You might be wondering: do college credits expire? We have some tips for you on transferring your old credits.
Today, the average college student no longer falls into the 18-to-22 age group. Did you know that right now there are 7.6 million students in America that are 25 years old and over? 2 million college students drop out each year before finishing their degrees. And many more students are going to school later in life and therefore aren’t completing their degree within the common 4-year timeframe. This raises the valid question: “Do college credits expire?”
The simplest answer is no, credits never expire. They will always be on your educational record. But the more relevant question may be: “Can I use my old college credits towards my next program?” or “Can I transfer my old college credits?”
You might be one of the many individuals that have already started a degree, but had to stop studying for a bunch of reasons, such as needing to work full-time or starting to raise a family.
But now that you want to return to school and finish a degree or start a new one, the best thing would be to use your old college credits towards your next degree. Why? Well, it could save you money and time by not having to retake courses that you might have already taken or have knowledge of.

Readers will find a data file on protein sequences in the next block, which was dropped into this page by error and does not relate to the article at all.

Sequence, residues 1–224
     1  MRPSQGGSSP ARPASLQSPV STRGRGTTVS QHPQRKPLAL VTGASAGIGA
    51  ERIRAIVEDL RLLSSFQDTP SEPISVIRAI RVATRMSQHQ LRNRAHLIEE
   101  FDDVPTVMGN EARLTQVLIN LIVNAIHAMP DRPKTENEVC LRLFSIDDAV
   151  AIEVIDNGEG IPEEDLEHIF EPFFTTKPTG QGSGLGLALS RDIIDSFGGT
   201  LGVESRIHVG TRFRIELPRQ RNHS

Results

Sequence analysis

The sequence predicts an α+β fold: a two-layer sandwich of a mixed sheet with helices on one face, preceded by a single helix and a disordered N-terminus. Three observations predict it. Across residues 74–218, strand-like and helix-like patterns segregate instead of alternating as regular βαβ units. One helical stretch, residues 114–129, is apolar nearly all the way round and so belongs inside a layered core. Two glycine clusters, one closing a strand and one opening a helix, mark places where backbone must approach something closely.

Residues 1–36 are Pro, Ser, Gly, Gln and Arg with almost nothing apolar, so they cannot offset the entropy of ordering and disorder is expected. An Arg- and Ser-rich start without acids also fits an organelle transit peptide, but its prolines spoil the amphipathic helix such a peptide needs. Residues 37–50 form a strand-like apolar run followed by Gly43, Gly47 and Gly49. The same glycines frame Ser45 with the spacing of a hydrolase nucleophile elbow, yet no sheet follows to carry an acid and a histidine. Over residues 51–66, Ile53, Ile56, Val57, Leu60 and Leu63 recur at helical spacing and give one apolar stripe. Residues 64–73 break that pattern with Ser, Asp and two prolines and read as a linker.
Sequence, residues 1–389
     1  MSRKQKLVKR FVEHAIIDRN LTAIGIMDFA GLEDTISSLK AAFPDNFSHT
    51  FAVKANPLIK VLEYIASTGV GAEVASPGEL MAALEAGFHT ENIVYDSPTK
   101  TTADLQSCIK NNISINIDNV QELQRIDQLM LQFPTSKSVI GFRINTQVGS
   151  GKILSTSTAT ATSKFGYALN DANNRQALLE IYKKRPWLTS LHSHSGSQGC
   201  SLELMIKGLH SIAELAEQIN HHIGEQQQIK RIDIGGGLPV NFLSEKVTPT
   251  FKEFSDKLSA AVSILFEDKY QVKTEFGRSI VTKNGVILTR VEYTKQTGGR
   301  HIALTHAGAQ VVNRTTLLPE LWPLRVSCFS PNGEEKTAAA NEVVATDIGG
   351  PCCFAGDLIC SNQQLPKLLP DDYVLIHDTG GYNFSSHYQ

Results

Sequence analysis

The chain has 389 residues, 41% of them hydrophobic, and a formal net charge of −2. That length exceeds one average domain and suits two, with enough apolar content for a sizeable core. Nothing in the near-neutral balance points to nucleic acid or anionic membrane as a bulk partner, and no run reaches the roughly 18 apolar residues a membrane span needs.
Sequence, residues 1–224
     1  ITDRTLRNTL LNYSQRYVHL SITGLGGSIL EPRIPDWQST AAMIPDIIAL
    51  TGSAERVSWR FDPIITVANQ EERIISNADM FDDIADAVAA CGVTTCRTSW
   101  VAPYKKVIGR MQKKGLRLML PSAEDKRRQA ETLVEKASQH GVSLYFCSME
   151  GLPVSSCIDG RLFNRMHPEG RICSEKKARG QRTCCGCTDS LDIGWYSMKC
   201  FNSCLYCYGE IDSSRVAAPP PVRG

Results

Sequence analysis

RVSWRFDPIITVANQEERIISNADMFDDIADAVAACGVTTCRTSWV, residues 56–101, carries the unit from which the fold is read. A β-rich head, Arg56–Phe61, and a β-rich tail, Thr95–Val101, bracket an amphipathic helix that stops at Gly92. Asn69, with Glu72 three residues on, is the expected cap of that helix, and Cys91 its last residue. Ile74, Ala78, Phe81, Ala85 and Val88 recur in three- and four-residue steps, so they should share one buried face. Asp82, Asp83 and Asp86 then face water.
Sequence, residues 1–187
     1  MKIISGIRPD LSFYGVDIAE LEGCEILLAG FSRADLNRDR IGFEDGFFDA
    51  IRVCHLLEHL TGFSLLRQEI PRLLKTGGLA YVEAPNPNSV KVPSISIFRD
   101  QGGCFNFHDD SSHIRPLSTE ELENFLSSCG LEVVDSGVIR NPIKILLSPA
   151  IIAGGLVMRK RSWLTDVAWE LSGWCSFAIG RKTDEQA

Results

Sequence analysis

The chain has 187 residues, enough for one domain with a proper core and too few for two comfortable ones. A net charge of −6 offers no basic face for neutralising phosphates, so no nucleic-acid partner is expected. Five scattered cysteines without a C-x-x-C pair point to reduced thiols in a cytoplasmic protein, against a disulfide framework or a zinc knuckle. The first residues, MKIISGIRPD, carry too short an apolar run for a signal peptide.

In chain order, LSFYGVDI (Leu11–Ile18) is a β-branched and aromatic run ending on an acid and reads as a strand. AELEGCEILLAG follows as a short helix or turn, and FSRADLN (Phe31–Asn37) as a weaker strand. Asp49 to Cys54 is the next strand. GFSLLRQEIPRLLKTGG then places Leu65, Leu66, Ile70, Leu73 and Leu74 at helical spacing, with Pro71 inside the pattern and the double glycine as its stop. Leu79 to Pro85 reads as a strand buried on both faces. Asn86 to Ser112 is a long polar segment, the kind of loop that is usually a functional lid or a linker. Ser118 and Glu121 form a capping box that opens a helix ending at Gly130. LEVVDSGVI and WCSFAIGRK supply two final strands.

So let’s look at what you need to know about transferring previous college credits.
What does it depend on?
There are a couple things to consider about your previous credits and what will determine whether or not you can use your old credits towards your new major. These are some things to look into.
Firstly, do your old credits qualify as “core curriculum”? Core curriculum courses are common subjects that are required among undergraduates and considered necessary general education. Courses such as math, science, and English are core classes and are likely to be qualified for transfer credits.
Secondly, are your old credits relevant to the new major you’re going to study? This is going to be specific to your transcript and your program of interest. You will need to speak with the admissions office and see which of your credits are relevant.
This is a question of how recent your previous courses are. Do they fit in the 5-10 year rule of thumb? Some schools have “use by” dates for transfer credits. There is a general “shelf life” for many courses.
- STEM courses (science, technology, engineering, and math) have a general 10-year shelf life because they are fields that tend to evolve throughout the years and are updated as they go. So, if your STEM courses were taken within 10 years, you’re probably in the green.
- Graduate courses have a shelf life of 5 to 7 years. These are also subject to new developments and new methodologies. As a result, older course curriculum may not be relevant today.